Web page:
It’s a well-known fact that cigarettes are harmful to you and can cause life-threatening disease like Cancer in the long run. But, have you ever imagined what counterfeit cigarettes can do to you? When it comes to cigarette addiction fake ones should be avoided at all costs. Fake cigarettes are usually imported from foreign countries like China and they are able to make their way into different countries due to weak customs laws and poor regulation of the market.
There is an enormous market of counterfeit cigarettes in India. This is due to the ever-growing taxes on tobacco and tobacco-based products. There is an ongoing trend of the rise in consumption of counterfeit cigarettes among the masses which is harmful to their health. According to a research group, a fake cigarette contains adulterants which are quite toxic for the lungs.
The research group set out to study these cigarettes with one goal in mind—provide more accurate data for assessing their impact on one’s health. “Counterfeit cigarettes constitute a significant crime and public health problem,” Yi He, associate professor of chemistry at John Jay College told R&D Magazine after her session presentation at Pittcon in Atlanta last month titled Elemental Profile of Tobacco Used in Counterfeit Cigarettes.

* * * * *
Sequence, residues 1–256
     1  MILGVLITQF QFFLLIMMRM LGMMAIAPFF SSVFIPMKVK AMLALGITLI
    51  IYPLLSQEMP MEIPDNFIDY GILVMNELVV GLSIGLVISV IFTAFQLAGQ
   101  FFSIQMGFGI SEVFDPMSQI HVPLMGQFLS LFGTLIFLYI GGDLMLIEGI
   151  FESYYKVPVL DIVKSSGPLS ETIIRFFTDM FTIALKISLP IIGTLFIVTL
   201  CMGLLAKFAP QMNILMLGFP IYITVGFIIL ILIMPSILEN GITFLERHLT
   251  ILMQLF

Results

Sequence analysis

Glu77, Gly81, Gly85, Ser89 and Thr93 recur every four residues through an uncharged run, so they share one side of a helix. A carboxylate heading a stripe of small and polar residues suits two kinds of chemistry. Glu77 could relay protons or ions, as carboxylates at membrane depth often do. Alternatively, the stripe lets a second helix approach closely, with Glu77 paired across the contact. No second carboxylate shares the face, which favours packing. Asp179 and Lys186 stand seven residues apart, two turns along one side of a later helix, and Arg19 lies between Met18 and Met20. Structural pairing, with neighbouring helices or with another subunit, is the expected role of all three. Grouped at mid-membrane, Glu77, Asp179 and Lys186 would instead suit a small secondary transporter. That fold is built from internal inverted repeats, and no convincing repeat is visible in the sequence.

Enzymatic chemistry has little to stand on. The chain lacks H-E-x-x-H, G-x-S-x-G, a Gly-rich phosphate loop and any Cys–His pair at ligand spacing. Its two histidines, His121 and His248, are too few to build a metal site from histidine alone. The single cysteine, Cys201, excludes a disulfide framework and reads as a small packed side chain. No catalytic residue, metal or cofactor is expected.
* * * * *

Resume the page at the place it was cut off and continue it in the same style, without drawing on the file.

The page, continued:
The researchers at John Jay College of Criminal Justice and CUNY, including Agricultural Research Service (USDA), studied the elemental profile in counterfeit cigarettes that was provided by the Bureau of Alcohol, Tobacco, Firearms and Explosives after being seized by the law enforcement agency. The 13 elements they researched in the cigarettes included: As, Ca, Cd, Co, Cu, Fe, K, Mg, Mn, Ni, P, Pb and Zn.
According to academic research presented at a session, a tobacco plant is particularly efficient in accumulating cadmium from the soil and translocating most of the metal to the leaves. Cadmium is the prime focus for this particular investigation of potential toxic effects. The group analysed 46 counterfeit samples, including 22 Newport, six Marlboro Red and 18 Marlboro Light brands, as well as six genuine cigarettes. The research team’s study concluded that there were much higher concentrations of toxic heavy metals consistently found in counterfeit cigarettes that were seized in the U.S. compared to genuine brands.